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SOC214H Lecture 3

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Bonnie Fox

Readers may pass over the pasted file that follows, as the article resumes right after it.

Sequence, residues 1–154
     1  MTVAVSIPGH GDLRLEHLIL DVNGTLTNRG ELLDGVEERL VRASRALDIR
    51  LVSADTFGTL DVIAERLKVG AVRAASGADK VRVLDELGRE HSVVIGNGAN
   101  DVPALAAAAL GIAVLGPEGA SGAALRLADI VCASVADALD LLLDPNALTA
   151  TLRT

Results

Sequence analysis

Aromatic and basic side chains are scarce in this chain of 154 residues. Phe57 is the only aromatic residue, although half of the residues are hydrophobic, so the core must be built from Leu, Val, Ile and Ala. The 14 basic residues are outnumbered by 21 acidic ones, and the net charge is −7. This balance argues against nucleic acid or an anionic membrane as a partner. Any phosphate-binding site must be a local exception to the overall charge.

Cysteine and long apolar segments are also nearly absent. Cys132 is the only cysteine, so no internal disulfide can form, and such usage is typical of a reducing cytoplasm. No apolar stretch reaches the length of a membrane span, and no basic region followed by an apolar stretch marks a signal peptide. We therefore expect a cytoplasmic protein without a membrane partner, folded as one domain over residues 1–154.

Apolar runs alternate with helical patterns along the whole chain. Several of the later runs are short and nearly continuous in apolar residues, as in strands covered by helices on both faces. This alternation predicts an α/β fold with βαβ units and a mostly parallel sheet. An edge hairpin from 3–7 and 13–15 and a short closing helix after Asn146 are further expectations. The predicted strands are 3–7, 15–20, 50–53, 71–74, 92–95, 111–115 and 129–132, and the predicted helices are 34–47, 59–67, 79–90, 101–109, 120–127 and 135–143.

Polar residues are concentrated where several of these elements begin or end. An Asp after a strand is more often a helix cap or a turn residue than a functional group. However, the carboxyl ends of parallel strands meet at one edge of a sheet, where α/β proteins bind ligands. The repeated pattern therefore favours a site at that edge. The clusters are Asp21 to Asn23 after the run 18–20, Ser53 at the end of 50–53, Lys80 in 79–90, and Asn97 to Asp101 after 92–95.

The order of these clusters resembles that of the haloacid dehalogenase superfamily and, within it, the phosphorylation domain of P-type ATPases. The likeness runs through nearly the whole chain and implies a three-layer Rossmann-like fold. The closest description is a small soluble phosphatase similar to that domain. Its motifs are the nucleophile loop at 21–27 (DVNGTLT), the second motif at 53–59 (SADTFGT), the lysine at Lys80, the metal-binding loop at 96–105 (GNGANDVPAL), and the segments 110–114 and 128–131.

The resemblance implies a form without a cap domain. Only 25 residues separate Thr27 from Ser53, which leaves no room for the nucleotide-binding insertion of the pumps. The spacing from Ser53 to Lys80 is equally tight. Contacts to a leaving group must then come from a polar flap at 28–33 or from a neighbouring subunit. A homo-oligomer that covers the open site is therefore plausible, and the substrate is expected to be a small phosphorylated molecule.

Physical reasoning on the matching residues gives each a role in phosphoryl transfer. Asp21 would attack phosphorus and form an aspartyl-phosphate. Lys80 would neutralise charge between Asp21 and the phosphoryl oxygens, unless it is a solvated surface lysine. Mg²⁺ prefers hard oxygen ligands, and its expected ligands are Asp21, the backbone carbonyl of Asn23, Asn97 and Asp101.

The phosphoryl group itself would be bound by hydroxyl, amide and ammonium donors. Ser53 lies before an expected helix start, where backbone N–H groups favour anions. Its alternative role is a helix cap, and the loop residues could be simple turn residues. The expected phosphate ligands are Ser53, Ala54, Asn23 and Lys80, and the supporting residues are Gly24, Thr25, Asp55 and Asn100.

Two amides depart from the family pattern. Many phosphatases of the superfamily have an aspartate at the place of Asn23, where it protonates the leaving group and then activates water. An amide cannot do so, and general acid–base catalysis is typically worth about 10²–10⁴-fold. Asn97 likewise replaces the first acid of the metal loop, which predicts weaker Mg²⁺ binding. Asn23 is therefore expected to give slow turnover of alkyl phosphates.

September 24, 2013 SOC214H Lecture 3 Common-sense assumptions - It would seem like it’s natural for a man and woman to cooperate together; women taking care of children and men do financial stuff - Takes a man & woman to make babies - All the common sense stuff are linked to biology (i.e. woman being the pregnant one, it’s necessary for women & men to have children) - There’s nothing universal about family patterns The evidence on the range of human societies (F. Edholm’s summary) 1. Conception and sex: a variety of understandings of biology, no causality of biology a. People have not connected sex with conception of reproduction, it’s likely that people didn’t understand this relationship until they domesticated animals (agricultural period). Even when they understood, the understanding on what went on was men that were creating materials for the child b. Early human societies had different stories on how to create children c. Women didn’t become primarily responsible for child care; in those societies women’s job were too important that they could not spare time to raise children 2. The mother-child relationship; not always close; biological mothers are not necessarily responsible for care a. Societies in which biological mothers do not raise their own children b. There are societies in which children are regularly adopted c. The notion of maternal instinct (women naturally know how to take care of children), there is no evidence on this d. Assumption in society that there’s an instant bond between mother and baby; doctors say when the babies are born and they’re touched skin to skin with mother, there’s an instant bond; but this is not true 3. Fatherhood – biological vs. social also a. Some research shows that fathers are more responsive to baby’s crying in the first few days because the mothers are more tired b. Fatherhood is socially defined c. In societies where dead men have no heirs or children to pass their inheritance to, women are forced to marry these dead men and get pregnant somehow and give the children to these dead men as children 4. Marriage – different forms a. Marriage does not always unite single women with single men, there are societies in which men have multiple wives b. Other societies where women have multiple husbands, and where groups of men marry groups of women c. Monogamy is not the most common practise 5. Household – diverse compositions a. It’s very common in recent history that there are nuclear families, but often in western cultures, nuclear families are embedded in larger units 6. Incest – variable interpretation a. Incest is about cultural customs; it’s people you cannot marry to September 24, 2013 b. There are societies where men want to marry their cousins or family because they want to keep the money/property in the family c. Things that are natural to some of us are not universal d. There are people like Nayar where their households are consisted of people all related Foraging Societies (Hunters & Gatherers) - Anthropologists estimate between 90 – 99% of human lived in foraging societies 1. General organization a. People in these societies lived in small groups, some are between 15-50 people b. During some of the years groups may come together and become larger groups, but most of the years they lived in small groups c. People may come and go from one season to the next, what determines group composition is people who get along or live peacefully together d. Marriage was sometimes followed friendship; if people lived together peacefully and were not related may get married e. They had to/must be nomadic; they moved around a lot. People lived off the resources around them, they did not grow/plant anything, they hunted & gathered resources in surrounding territories f. Consequence: they couldn’t accumulate things; they could only accumulate what they could carry. These were societies where they had no private properties 2. Organization of production a. No storage of surplus so a need to organize on a regular basis to acquire necessary food i. People hunted and gathered as they go, but were not faced with struggles to survive ii. One anthropologist argued these families were affluent b. Simple technology, most people used digging sticks, c
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